Andy Kitzman, middle, is a hull maintenance technician chief in the U.S. Navy. He is shown standing with his family Sept. 16, the day he returned from a six-month deployment, in San Diego. His family includes, from left, stepmother Irene Kitzman, father Brian Kitzman, 19-month-old son Tanner Bryan Kitzman, and wife Alanna.

Courtesy Photo

Andy Kitzman, middle, is a hull maintenance technician chief in the U.S. Navy. He is shown standing with his family Sept. 16, the day he returned from a six-month deployment, in San Diego. His family includes, from left, stepmother Irene Kitzman, father Brian Kitzman, 19-month-old son Tanner Bryan Kitzman, and wife Alanna.

1999 MCHS grad, Navy serviceman, awarded position of leadership

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Margie Kitzman/Courtesy

Navy Chief Petty Officer Andy Kitzman, a 1999 Moffat County High School graduate, holds his son, Tanner Bryan Kitzman, on Sept. 16 after returning from a six-month deployment to South America. Kitzman, the son of Irene and Brian Kitzman, of Craig, enlisted in the Navy shortly after graduating from MCHS.

At a glance …

Andy Kitzman

— 1999 Moffat County High School graduate

— Son of Brian and Irene Kitzman, of Craig

— Recently promoted from petty officer, first class to chief petty officer in the U.S. Navy

— Awards include: five Navy and Marine Corps achievement medals; two good conduct medals; national defense service medal; and five sea service ribbons

On Sept. 16, Andy Kitzman came home.

And, in some ways, you could say he returned a different man.

Kitzman, a hull maintenance technician chief in the U.S. Navy, had just returned from a six-month deployment aboard the USS Thach.

The vessel took him around South America, where he completed humanitarian missions in countries like Brazil, Chile, Peru and Panama.

But, something else happened in those six months, and it would distinguish the 1999 Moffat County High School graduate as a leader among the ranks of the enlisted.

In August, he was named a chief petty officer.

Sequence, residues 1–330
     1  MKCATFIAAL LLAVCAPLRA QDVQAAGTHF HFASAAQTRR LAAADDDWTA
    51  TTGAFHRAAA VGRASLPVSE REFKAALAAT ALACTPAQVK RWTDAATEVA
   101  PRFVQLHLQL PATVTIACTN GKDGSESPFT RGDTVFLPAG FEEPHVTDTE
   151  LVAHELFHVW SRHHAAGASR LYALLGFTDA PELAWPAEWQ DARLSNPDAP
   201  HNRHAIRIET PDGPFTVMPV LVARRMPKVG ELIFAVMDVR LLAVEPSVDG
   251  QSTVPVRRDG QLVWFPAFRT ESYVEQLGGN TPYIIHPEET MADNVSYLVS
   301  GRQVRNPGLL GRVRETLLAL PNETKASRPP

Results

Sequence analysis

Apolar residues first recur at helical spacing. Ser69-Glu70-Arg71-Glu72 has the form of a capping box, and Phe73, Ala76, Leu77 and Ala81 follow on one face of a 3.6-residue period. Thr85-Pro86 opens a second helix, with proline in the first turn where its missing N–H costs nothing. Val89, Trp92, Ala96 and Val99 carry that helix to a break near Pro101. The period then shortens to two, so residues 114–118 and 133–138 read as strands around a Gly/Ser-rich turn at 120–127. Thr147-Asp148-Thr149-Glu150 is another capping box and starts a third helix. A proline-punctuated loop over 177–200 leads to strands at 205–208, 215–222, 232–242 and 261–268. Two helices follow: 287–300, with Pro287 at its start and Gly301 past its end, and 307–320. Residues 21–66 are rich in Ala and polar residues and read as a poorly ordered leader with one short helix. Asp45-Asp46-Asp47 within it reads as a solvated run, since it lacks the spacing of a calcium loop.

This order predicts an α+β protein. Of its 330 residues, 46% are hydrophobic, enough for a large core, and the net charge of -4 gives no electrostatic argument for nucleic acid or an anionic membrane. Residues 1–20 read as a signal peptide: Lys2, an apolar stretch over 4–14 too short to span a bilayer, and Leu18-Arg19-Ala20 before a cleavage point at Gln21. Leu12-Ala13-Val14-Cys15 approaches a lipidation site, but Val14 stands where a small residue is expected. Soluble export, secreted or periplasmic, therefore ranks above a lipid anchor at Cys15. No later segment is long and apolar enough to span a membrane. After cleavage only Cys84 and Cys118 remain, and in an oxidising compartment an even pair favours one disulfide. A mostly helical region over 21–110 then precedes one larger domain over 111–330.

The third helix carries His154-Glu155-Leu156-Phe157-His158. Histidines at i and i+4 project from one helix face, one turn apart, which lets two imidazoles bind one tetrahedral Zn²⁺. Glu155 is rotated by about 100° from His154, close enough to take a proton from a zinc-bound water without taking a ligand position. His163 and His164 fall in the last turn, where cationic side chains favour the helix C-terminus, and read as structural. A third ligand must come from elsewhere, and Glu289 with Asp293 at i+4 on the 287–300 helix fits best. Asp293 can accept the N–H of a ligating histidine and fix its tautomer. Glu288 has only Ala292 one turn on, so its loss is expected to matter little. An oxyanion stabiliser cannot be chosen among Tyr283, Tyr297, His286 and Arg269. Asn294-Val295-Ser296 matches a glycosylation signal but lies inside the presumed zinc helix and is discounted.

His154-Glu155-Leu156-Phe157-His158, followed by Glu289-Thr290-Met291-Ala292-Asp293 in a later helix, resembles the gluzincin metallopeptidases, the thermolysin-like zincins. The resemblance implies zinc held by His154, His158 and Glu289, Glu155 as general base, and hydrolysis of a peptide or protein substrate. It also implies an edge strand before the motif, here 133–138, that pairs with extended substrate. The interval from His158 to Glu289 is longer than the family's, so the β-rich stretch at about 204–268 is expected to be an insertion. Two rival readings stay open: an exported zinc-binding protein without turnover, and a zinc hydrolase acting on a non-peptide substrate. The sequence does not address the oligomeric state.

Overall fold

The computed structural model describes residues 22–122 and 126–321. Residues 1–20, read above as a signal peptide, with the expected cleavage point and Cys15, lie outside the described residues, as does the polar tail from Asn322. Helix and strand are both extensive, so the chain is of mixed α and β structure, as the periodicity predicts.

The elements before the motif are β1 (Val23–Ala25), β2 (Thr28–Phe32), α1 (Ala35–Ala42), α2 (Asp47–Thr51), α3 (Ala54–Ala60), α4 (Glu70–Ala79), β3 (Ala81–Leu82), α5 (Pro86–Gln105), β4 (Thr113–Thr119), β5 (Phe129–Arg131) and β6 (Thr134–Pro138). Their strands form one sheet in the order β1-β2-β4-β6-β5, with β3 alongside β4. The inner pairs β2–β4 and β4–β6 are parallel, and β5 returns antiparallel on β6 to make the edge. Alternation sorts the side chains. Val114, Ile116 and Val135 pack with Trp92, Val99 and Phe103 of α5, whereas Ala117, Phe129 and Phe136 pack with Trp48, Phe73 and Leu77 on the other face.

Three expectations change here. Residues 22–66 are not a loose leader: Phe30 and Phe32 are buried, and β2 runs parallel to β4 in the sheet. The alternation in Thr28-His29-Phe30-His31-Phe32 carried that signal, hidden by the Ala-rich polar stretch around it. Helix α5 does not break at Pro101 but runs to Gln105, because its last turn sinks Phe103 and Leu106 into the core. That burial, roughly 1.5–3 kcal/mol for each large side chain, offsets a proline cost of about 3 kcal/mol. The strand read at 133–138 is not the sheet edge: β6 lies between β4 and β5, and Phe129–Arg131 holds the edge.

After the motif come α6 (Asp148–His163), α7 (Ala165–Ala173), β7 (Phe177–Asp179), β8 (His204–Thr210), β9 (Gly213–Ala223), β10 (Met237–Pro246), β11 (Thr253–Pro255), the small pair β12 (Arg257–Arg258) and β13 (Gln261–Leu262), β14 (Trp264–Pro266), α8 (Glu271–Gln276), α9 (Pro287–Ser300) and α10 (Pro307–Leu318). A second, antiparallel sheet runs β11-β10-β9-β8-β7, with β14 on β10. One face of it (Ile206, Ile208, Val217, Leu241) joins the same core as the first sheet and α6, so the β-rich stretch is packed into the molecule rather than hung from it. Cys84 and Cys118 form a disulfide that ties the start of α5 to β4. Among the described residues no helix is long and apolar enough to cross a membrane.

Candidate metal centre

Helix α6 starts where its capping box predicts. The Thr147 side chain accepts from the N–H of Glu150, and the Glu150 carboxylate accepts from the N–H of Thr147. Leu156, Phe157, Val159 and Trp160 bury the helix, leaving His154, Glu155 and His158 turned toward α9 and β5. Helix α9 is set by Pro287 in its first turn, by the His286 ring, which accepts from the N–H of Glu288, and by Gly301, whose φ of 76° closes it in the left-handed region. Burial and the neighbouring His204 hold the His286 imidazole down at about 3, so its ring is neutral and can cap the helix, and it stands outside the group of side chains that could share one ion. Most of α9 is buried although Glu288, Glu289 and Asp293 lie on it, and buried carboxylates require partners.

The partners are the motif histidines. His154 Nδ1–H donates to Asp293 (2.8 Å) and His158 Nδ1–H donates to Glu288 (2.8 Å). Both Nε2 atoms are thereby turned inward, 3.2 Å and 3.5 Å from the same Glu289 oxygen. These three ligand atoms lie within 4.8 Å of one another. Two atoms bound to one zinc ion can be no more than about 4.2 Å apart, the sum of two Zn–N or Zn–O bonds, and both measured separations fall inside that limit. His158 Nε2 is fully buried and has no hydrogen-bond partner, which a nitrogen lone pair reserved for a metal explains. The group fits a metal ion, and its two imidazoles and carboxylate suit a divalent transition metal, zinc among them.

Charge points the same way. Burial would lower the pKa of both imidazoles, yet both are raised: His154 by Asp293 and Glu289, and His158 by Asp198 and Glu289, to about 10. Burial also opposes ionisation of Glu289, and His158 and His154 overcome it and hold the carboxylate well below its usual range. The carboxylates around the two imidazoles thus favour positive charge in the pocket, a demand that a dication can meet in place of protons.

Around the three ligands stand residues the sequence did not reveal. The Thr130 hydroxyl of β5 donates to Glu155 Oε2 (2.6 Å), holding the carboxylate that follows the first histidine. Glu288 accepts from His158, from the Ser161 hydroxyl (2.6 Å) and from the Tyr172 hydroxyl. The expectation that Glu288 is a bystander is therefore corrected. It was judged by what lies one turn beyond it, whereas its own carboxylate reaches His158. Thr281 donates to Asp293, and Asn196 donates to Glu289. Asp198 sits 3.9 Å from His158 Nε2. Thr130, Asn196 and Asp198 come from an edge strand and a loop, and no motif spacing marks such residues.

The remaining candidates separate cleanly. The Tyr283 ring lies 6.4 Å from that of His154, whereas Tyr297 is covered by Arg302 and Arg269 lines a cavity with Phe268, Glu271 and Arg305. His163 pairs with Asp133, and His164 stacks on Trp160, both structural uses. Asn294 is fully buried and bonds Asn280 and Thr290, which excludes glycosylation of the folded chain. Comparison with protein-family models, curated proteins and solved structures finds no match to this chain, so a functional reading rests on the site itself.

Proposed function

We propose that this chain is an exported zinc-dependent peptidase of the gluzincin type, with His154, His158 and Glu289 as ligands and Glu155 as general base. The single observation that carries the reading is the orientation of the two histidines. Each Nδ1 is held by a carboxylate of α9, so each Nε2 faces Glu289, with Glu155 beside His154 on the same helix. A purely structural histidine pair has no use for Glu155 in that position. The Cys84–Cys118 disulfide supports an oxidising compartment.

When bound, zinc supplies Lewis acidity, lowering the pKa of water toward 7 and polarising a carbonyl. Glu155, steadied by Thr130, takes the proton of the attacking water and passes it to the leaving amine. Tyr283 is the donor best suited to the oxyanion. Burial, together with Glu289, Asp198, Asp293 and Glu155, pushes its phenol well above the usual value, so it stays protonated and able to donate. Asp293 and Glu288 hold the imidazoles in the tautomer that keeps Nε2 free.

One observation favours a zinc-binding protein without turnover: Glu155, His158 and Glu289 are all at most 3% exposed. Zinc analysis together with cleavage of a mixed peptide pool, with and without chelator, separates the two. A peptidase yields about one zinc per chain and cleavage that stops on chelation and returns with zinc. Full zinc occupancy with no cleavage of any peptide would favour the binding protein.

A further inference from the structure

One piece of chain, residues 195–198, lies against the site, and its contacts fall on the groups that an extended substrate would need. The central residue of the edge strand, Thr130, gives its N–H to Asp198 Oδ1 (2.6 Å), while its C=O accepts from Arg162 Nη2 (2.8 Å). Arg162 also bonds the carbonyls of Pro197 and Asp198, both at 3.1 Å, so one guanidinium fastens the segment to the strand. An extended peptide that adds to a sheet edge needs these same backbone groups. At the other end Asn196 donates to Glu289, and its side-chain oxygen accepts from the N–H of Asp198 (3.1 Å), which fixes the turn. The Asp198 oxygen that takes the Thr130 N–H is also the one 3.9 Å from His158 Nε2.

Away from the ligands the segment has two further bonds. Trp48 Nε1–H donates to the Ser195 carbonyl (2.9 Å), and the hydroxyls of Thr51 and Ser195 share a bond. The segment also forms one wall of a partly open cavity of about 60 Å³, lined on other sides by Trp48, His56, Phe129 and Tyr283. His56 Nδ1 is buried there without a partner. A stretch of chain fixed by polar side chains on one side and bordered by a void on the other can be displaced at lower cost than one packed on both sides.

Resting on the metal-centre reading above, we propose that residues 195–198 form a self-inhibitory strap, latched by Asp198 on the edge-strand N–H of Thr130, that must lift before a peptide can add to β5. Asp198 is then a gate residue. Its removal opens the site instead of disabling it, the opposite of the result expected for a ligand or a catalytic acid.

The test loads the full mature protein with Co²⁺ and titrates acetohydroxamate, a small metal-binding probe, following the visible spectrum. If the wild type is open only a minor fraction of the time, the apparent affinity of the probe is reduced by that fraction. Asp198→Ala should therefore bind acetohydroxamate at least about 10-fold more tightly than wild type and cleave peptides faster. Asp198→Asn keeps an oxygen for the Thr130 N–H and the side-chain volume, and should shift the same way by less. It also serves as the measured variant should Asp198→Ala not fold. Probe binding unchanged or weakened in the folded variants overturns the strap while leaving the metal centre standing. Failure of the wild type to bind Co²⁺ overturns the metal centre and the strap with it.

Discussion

For him, the promotion isn’t just about climbing to the next level in the chain of command. It represents a chance to become a leader who can help shape the future of the U.S. Navy.

Earning his new rank was important to him, “because I feel that I can make a difference in the Navy,” by training service members under him, he said.

“I just feel that I can make a difference in people’s lives,” Kitzman said.

Three years ago, though, his plans were very different. Three years ago, he was preparing to leave the Navy for good.

That changed with a phone call.

He had returned to Craig and was in the process of leaving the service when he learned from one of his commanders that he had been advanced to the rank of petty officer, first class.

That promotion offered an opportunity to become more of a leader in the Navy.

At that point, “then you can really start to make a difference, and your voice really starts to matter more and your opinion starts to matter more,” he said.

Kitzman abandoned his plans to return to civilian life, the one he left when he enlisted in the Navy only months after his high school graduation. And, he set a goal: to become chief petty officer within 12 years.

It was an ambitious aim.

Of all the men and women that join the Navy, less than 5 percent attain the rank of chief petty officer, he said.

So, when Navy officials passed him over for promotion during his first attempt last year, he wasn’t disheartened.

“I was a little bit disappointed, but I knew that I had to work a lit bit harder and improve myself, better myself, so that I would have a better chance of being selected,” he said.

When his second chance came around, Kitzman was braced for a similar outcome.

“I really wanted it to happen but I wasn’t expecting it, so when we got the news, … (it was a) total surprise,” he said.

The news made its way back to Craig, where his father and stepmother, Brian and Irene Kitzman, have lived since 1995.

“We were ecstatic,” Irene said.

In her view, Andy has at least one trait that makes him an ideal candidate for the position.

“He’s meticulous,” she said. “He likes things done perfectly and correct.”

As chief petty officer, Kitzman will train junior officers and junior enlisted personnel.

His goal, he said, is to “help train a better force so the guys know what they’re doing,” especially if they find themselves without a chief, he said.

Kitzman, who is stationed in San Diego with his 19-month-old son, Tanner Bryan Kitzman, and wife, Alanna, intends to stay in the Navy for at least another eight years, making for a 20-year military career, he said.

And, he hopes to share his experience with other men and women in the Navy and show them that they, too, can be among the small percentage that earns the position he holds now.

“If you hit bumps along the road, it’s (still) possible to do it,” he said.

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Comments

wellwell 2 years, 6 months ago

Congradulations on your promotion to Chief Petty Officer, it takes a lot to get there and there is a lot of responsibility. Do well and thank you for service.

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